Photographer Misty Keasler often finds subjects in vacant spaces whose emptiness has much to say about the people who normally occupy them. Trash dumps in Nigeria filled with computer debris. Fantasy-themed hot-sheet hotel rooms in Japan. Keasler’s images—often fittingly bathed in eerie light that evokes a David Lynch-like dread—capture eccentric manifestations of consumer culture that are charged with a sense of repression and fetishism.
For her latest series, Haunt, a solo exhibition that opens Sept. 23 at the Modern Art Museum of Fort Worth, Keasler has documented 13 haunted houses located around the United States, including images of Terrell’s Thrillvania that first appeared in D Magazine in October 2015. (D was the first magazine to publish her work, beginning in 1999.) These people-less scenes of horror and violence are swollen with suggestion, insinuation, and innuendo. Meticulously staged tableaux of murder, poltergeists, and zombies are drained of the sense of terror they are intended to evoke, instead appearing like surreal abstractions, a kind of campy archaeological photo documentation.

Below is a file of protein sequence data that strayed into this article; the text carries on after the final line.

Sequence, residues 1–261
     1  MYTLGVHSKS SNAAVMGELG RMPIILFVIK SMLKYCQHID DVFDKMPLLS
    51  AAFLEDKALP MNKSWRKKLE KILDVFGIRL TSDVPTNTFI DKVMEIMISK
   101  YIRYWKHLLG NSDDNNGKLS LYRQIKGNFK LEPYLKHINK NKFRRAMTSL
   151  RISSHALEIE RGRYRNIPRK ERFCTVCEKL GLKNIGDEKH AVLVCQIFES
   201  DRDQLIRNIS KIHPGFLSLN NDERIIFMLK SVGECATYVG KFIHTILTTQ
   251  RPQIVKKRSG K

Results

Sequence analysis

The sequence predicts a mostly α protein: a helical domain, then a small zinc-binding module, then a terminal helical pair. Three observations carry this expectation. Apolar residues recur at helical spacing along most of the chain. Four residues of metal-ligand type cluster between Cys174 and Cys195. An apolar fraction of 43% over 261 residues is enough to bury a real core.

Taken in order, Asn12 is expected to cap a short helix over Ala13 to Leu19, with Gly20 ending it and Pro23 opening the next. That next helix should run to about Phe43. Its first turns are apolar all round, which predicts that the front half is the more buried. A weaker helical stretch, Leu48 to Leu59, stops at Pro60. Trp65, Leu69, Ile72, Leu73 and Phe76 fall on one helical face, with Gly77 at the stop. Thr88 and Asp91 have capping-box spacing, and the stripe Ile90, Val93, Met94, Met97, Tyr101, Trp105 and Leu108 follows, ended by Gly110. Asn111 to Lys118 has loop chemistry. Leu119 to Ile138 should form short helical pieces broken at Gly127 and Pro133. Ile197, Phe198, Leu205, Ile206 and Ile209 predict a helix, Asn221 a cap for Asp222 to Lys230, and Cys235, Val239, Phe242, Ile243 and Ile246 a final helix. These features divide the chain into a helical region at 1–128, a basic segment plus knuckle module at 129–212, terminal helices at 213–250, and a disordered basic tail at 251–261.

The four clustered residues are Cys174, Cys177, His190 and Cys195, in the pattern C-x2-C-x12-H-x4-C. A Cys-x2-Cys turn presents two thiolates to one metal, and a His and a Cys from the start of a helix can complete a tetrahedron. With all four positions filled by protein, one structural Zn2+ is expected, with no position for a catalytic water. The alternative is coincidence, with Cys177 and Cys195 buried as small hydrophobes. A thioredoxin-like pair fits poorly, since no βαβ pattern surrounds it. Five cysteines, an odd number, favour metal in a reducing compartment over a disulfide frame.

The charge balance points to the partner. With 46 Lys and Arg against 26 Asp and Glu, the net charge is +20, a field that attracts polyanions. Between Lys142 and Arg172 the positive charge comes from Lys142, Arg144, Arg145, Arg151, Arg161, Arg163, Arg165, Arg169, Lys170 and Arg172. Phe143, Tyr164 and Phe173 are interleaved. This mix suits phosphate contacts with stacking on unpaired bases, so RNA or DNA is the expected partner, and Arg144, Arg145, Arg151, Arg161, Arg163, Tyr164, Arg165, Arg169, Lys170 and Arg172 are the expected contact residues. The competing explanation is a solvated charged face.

What is most suggestive—and delightful—about them is the way the missing information forces the viewer to complete the scene. What kind of imagination went to such pains to create these intricately detailed pastiches? Who are the people that seek them out? What are they really looking for?